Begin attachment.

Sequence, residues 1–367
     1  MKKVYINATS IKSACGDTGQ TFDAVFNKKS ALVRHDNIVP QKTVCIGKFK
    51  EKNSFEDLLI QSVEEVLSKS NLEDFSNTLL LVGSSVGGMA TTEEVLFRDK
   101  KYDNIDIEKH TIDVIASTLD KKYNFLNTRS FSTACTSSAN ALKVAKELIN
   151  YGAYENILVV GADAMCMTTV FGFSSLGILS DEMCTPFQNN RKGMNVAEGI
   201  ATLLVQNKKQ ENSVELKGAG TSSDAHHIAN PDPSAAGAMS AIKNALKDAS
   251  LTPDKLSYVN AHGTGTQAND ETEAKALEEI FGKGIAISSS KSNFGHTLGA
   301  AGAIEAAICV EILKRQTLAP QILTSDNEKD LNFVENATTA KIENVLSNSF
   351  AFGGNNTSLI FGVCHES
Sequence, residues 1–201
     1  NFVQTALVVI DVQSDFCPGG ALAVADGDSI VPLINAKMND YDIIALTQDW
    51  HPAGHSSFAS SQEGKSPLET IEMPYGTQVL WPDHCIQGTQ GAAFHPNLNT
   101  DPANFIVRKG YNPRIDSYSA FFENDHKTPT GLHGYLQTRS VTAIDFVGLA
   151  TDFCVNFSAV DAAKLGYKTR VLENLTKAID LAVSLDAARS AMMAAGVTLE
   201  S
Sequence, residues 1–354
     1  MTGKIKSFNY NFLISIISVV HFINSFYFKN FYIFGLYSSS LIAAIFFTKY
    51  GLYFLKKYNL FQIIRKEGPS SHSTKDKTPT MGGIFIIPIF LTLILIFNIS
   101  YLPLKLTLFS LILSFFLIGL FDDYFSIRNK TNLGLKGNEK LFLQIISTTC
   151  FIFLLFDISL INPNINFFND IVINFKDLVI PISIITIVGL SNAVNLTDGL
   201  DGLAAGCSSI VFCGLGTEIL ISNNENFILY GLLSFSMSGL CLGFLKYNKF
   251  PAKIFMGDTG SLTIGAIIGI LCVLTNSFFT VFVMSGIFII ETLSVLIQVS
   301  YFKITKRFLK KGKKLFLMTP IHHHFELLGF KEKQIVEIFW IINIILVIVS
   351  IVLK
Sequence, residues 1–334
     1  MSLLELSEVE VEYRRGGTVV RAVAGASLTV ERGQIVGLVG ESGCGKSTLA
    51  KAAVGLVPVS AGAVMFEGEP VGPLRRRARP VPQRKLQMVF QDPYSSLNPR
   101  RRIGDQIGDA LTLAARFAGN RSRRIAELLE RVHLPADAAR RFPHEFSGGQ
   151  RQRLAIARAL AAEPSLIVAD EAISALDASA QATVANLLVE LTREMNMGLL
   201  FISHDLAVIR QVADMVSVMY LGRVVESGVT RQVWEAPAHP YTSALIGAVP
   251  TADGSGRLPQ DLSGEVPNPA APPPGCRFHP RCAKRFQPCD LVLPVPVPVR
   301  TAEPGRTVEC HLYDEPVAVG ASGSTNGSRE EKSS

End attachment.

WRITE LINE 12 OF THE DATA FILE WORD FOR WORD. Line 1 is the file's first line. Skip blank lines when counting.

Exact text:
    51  HPAGHSSFAS SQEGKSPLET IEMPYGTQVL WPDHCIQGTQ GAAFHPNLNT